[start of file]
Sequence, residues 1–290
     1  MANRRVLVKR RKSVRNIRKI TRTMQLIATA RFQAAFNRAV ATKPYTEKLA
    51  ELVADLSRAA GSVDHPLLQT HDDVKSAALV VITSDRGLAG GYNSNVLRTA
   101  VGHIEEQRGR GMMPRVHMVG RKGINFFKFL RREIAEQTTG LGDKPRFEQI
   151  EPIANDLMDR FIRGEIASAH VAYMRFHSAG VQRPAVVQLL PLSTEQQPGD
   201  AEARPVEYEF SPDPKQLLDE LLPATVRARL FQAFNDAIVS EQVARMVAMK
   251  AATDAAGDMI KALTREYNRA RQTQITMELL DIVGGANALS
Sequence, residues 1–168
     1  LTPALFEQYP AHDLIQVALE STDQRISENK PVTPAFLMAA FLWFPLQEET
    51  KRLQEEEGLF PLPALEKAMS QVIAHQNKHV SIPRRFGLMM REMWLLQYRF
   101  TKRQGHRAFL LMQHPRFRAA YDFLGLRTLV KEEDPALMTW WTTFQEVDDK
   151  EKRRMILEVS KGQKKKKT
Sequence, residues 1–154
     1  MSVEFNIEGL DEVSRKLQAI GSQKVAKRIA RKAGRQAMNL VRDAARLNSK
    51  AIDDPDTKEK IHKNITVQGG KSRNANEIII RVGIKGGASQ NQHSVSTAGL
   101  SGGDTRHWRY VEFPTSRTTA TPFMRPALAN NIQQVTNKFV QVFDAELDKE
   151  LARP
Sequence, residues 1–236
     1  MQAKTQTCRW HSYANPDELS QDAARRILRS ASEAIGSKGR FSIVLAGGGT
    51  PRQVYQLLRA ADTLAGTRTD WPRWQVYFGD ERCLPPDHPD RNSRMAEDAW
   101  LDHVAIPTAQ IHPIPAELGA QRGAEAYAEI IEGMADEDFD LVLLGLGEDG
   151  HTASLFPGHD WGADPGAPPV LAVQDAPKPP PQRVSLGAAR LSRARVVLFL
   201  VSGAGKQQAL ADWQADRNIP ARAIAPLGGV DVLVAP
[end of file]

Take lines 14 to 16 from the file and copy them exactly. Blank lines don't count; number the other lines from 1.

     1  MSVEFNIEGL DEVSRKLQAI GSQKVAKRIA RKAGRQAMNL VRDAARLNSK
    51  AIDDPDTKEK IHKNITVQGG KSRNANEIII RVGIKGGASQ NQHSVSTAGL
   101  SGGDTRHWRY VEFPTSRTTA TPFMRPALAN NIQQVTNKFV QVFDAELDKE